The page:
A few days ago I came across Allie Brosh's recent post about depression, which has to be one of the best descriptions of depression ever made. What impressed me so much about it was that I believe someone who had never experienced a similar mental illness could read it and begin to get an understanding about what true clinical depression is like. I say I "believe" because, while I don't talk about it much (certainly not in my blog) I have experienced depression firsthand, many, many times.
Here is one thing I think I can say definitively: it is not possible to truly understand clinical depression unless you've experienced it. But for those of you who've never experienced it, please don't let that stop you from trying. That is why I'm straying from my norm and dedicating this blog post to an attempt to describe my experience with depression and anxiety.
One of the hardest things to overcome when you are suffering from depression is the prevailing attitude that surrounds you from all sides: that your illness is somehow your fault. Don't get me wrong - there are certainly people out there who derive a perverse kind of pleasure from being miserable; there are those who dwell needlessly on unpleasant things and bad memories. I think everyone has, at least once in their lives, been in a place where they just needed to "man up" and "get over it." I know I have! But clinical depression is an entirely different matter.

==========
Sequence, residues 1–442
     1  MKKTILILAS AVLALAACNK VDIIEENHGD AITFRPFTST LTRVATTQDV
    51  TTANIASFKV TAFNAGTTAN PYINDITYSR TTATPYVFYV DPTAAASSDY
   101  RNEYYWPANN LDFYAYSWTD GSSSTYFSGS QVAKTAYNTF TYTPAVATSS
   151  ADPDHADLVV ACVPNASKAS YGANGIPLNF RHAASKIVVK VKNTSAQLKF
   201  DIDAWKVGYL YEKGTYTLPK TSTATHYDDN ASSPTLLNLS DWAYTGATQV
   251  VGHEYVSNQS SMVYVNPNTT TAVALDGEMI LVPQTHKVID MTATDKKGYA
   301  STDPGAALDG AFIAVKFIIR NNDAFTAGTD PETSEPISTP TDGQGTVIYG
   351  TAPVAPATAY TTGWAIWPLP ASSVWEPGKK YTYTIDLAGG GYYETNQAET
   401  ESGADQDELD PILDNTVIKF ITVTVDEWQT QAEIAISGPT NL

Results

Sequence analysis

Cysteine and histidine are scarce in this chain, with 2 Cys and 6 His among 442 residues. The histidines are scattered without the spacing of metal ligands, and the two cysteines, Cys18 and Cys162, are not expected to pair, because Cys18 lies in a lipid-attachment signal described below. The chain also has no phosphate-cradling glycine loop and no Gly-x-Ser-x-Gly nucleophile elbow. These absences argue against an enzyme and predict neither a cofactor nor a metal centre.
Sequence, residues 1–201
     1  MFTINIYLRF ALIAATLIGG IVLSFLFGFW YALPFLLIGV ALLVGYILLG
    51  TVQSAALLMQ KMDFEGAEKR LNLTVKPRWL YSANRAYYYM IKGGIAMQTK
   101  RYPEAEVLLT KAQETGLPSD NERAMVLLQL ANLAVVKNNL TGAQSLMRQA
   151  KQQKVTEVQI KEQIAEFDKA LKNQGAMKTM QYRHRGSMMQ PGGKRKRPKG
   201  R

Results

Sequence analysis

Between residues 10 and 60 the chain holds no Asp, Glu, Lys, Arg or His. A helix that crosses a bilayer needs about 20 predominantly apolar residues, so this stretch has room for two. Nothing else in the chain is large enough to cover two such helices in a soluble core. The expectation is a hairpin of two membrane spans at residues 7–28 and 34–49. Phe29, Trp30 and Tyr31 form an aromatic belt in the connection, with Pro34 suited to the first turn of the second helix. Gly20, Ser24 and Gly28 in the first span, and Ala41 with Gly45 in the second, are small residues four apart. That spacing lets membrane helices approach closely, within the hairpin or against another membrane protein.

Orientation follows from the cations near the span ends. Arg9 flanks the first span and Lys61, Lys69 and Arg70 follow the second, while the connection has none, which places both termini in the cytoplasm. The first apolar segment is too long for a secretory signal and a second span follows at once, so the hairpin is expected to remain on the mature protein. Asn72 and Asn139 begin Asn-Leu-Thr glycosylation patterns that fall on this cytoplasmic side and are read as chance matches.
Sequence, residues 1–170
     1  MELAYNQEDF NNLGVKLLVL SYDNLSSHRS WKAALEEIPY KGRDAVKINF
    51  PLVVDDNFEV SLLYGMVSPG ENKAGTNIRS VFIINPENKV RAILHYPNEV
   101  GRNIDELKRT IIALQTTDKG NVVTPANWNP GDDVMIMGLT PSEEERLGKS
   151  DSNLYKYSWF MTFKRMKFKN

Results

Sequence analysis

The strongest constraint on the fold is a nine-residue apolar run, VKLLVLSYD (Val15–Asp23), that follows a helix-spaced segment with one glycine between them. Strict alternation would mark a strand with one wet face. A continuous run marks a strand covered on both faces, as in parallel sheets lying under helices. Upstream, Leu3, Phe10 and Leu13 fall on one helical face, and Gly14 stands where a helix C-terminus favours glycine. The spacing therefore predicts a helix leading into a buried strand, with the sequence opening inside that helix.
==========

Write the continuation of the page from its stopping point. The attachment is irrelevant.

In the eight years or so since I first received professional help for my mental illness, I've been lucky; I haven't had to think about it too much. A combination of therapy, Dharma practice, and, yes, medication have enabled me to live my life as "myself." I think of my "real" self as someone with a lot of joie de vivre. I take a lot of pleasure in daily life, in my creative endeavors, and in being with people (and animals) I love. I am one of the lucky ones - I've found a treatment that works for me.
Everyone's experience with mental illness is different; for me, depression and anxiety were inextricably linked. I don't think I've ever experienced one without the other. I find that analogies are helpful when describing something as abstract as mental illness, so I've come up with a couple of analogies that describe my experience.
Depression: The Jar
Imagine, all of a sudden, that a great big jar drops out of nowhere and lands right on top of you, trapping you like a bug. You can see out, though it's kind of blurry, and the people around you can see in. Maybe at first it's not so bad - it's uncomfortable, but there's still plenty of air, and you can see out. You can still go about your life with some normalcy, so you figure it'll just go away.
Gradually, however, you start to lose oxygen. The glass starts to cloud up and you can see less and less. You're struggling to breathe and to see and you realize you have to get out or you'll die. So you start to panic, banging on the glass and screaming, but for some reason no one else can hear you.